The office of Maharashtra’s Settlement Commissioner — which oversees land measurements and surveys — had earlier recorded on the file that “when the lands in Mumbai were surveyed, the portion in question was under water.

The developer had first submitted a slum redevelopment scheme to the SRA in 2011, but it had not progressed further as the land survey number had not been given. In other words, the portion had not been labelled as revenue land.

Jain, meanwhile, argued that the slum dwellers were residing on the property for the last 30/40 years, even as an October 17, 2018, report from the Settlement Commissioner’s office indicated that the slums had cropped up after illegal reclamation. Kishor Tavrej, the then Deputy Director (Land Records), wrote, “The slum exists along the shore. When the lands in Mumbai were surveyed, the portion was found to be under water. The slum has clearly come up on the portion later.” Jain, meanwhile, argued that the Mumbai municipality has also been collecting rents from the slum dwellers, and that various civic amenities, including public toilets, already exist on the land.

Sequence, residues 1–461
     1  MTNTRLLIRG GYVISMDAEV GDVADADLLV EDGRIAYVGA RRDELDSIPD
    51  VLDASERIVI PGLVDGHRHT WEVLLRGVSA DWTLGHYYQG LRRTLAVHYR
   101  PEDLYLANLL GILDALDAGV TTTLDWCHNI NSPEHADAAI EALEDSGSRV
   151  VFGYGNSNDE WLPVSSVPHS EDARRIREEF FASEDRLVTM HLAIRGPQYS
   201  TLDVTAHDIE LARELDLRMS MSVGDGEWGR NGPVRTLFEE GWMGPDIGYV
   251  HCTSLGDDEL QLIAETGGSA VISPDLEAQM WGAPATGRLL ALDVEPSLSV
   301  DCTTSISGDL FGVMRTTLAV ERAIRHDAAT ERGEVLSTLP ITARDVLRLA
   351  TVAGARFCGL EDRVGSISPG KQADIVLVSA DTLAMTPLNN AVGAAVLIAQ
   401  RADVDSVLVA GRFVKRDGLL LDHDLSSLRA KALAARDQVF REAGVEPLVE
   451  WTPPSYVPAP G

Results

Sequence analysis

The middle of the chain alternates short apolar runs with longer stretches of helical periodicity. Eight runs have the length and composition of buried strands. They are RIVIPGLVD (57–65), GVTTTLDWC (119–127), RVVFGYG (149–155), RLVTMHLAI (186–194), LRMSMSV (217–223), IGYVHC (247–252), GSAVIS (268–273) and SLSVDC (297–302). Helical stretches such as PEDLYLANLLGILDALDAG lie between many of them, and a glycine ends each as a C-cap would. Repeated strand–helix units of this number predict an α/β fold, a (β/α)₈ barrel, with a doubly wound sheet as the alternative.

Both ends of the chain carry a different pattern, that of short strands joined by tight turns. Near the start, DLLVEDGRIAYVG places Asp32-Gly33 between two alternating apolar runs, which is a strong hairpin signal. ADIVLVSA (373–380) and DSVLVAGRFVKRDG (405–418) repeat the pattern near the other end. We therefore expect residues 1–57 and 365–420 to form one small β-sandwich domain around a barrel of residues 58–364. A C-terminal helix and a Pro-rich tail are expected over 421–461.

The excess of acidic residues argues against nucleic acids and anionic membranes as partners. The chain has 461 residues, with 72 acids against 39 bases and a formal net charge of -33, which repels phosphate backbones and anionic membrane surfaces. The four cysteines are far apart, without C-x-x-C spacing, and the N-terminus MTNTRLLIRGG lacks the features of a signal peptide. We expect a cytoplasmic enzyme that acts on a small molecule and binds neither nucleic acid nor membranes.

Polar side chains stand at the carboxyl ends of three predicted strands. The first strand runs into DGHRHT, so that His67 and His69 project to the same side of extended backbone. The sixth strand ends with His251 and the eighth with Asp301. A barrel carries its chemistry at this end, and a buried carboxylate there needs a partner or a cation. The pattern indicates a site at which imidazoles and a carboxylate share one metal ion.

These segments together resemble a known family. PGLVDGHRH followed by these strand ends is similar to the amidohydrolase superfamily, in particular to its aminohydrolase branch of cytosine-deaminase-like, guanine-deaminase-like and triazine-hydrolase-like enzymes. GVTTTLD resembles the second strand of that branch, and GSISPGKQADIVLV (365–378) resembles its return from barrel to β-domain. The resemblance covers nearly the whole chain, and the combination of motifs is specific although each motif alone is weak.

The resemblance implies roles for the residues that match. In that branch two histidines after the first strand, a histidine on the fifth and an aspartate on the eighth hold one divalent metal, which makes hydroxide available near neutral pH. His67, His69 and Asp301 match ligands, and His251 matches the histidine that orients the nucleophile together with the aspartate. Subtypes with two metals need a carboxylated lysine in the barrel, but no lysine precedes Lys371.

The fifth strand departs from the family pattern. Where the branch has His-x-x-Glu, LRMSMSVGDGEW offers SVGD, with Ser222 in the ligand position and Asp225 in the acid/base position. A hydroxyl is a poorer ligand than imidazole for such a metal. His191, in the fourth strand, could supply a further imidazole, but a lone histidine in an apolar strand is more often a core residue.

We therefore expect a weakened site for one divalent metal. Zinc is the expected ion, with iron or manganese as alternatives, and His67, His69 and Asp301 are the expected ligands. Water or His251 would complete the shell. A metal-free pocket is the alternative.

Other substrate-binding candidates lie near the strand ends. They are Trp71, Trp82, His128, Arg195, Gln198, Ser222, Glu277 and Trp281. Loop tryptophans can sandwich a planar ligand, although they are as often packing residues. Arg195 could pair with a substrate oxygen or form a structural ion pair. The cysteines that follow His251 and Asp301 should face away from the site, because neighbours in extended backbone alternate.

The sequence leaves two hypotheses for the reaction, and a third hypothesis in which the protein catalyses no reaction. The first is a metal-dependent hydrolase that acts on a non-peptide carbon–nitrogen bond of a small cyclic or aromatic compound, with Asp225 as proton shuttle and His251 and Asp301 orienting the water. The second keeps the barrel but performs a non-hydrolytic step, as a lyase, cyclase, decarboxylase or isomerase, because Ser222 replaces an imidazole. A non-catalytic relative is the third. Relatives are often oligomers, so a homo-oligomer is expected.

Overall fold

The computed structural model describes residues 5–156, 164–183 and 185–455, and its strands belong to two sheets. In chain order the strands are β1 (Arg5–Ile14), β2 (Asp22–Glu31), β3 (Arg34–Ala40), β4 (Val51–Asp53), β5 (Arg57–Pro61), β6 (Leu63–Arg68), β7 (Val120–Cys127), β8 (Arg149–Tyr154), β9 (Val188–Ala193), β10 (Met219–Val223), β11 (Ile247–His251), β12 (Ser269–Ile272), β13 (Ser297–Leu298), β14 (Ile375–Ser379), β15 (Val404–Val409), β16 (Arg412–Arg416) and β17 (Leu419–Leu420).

The environment department, too, has said that the land in question was a foreshore. It has reasoned that under CRZ regulation, no development or construction was possible. Documents also show that the matter was referred to the government after the Mumbai Collector's office had pointed out that there was no policy for surveying and granting revenue land status to foreshores.

Officials, meanwhile, are concerned that the move could expose the entire Konkan coastline to a fresh wave of construction activity. Mumbai alone has several such foreshore lands. Incidentally, before Fadnavis's in-principal nod, the Settlement Commissioner’s office, in an official communication, had cautioned the state over the broader implications of the move. Tavrej, in his report, stated, “It is felt that the government should take a conscious decision in this regard, considering that similar demands could be raised in future as well. It should examine the impact (of the move) on the shoreline, the coastal environment, and the CRZ.” Some officials say that the move sets a precedent since it amounts to recognising unauthorised reclamation.

But Jain argued that even in the past there had been incidents when foreshore portions, which were already occupied, were given land numbers. The state's Revenue department, too, has argued on the file that the state-run Maharashtra State Road Development Corporation had also been allotted a foreshore portion after tagging it as land in 2016, but the reclamation in that case had been officially undertaken by the government itself. The department has also cited another case of allotment in Worli in 2012.

While claiming that in the past the SRA had even approved projects on portions without insisting on the cadastral survey (CS) number, Jain also claimed that the government had similarly surveyed slum portions of other reclaimed foreshore portions and given these CS numbers as well.